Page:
That year that we did Romeo and Juliet (1976), working with Ian McKellen (who played Romeo) had a profound effect on me. It was a very successful year at the RSC. Ian also did Macbeth with Judi Dench that year. Through his example, he taught me the value of working in theatre beyond the first night. With film and television, you’re working in the moment. But Ian made me appreciate the value of work in progress, of continuing to improve your performance beyond the press night. It’s about what you can do for yourself and your art. Ian’s criteria for success were very stringent.

Favourite directors
In film, Roman Polanksi because of his overall ability. We live in world of expertise. So many directors rely on different experts to help them pull a film together. But Roman can do absolutely everything. In theatre, Peter Gill. He nurtures and empowers you in your work – not only during rehearsals but beyond the first night and even beyond the play. He helps you in your journey in the profession. It will come to you, he says, and encourages you to work on it. I found that when I did A Month in Country and Mrs Klein with him at the National. He taught me things that I went on to grasp much later. I’m very excited to be working with him again on Epitaph for George Dillon.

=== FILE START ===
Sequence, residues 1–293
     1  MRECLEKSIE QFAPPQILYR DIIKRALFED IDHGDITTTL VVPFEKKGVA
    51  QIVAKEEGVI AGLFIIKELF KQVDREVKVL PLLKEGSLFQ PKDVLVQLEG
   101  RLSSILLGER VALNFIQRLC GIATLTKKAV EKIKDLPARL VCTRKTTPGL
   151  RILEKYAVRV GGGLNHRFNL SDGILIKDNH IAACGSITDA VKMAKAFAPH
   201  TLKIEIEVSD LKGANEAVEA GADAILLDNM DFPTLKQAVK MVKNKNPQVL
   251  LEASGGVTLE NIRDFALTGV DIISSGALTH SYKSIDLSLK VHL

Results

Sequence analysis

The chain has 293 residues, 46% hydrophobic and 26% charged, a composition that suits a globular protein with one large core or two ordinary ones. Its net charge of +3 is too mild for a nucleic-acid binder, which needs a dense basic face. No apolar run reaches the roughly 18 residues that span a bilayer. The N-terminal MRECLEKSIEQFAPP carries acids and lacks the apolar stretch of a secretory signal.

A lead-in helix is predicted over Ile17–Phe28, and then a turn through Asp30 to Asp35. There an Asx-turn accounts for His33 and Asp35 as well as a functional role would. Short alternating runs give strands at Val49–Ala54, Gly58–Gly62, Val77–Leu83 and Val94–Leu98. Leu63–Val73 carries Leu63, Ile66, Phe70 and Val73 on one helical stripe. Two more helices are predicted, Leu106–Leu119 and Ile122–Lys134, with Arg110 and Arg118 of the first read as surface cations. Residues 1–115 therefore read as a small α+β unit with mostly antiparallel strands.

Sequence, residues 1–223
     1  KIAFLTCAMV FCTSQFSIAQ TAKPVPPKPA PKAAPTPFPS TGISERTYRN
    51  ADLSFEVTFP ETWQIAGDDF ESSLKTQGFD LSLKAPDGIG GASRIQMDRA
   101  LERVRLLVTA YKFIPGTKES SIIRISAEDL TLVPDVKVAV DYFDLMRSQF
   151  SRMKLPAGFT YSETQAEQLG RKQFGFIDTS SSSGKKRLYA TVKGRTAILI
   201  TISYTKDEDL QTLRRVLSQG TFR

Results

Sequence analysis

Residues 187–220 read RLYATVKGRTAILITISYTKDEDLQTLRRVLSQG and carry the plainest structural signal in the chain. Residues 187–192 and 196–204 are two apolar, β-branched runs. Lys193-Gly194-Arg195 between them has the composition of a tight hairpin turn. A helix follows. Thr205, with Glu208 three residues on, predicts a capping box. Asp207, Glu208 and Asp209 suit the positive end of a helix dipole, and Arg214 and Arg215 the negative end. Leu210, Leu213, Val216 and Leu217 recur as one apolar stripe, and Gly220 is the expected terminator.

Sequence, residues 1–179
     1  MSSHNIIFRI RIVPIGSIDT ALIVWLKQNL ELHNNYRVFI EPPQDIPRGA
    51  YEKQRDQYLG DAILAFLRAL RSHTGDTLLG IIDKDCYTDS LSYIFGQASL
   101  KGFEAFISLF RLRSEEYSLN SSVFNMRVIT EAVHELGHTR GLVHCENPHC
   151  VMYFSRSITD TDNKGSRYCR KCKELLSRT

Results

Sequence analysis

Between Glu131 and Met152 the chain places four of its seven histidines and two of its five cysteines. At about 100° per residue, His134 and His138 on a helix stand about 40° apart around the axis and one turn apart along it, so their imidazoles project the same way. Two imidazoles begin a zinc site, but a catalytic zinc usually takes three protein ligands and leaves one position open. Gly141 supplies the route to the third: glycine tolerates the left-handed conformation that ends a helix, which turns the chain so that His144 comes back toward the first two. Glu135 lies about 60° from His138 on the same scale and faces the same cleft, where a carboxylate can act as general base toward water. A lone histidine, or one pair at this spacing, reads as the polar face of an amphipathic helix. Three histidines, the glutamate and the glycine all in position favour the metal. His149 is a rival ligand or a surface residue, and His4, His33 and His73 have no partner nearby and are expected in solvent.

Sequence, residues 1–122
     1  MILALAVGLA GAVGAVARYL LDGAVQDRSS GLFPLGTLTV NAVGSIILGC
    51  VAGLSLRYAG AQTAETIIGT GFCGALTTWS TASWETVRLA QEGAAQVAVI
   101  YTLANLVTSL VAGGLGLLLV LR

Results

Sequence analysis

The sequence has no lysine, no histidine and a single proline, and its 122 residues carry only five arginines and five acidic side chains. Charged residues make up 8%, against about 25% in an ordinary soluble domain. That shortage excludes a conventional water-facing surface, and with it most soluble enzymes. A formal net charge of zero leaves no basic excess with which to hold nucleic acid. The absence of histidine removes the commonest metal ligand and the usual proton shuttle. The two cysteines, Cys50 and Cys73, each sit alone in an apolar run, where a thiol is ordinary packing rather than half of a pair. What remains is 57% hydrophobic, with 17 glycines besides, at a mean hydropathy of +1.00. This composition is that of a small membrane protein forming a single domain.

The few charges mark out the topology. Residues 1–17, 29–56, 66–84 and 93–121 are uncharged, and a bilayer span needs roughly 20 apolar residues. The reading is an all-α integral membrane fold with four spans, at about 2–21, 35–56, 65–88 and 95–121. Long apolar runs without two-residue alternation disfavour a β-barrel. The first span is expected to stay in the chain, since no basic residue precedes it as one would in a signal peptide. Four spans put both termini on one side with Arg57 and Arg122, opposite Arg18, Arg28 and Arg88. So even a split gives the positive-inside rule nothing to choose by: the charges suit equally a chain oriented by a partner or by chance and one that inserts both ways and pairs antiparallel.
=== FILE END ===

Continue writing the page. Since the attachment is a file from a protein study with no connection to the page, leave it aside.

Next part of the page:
Favourite playwrights
I think Rebecca Lenkiewicz is an incredibly exciting new playwright. What I like about her is her Chekhovian ability of giving you a wealth of information about character and life in two lines – and she does that with a wonderful sense of irony that’s very contemporary. It’s an economy of language combined with laser-beam vision.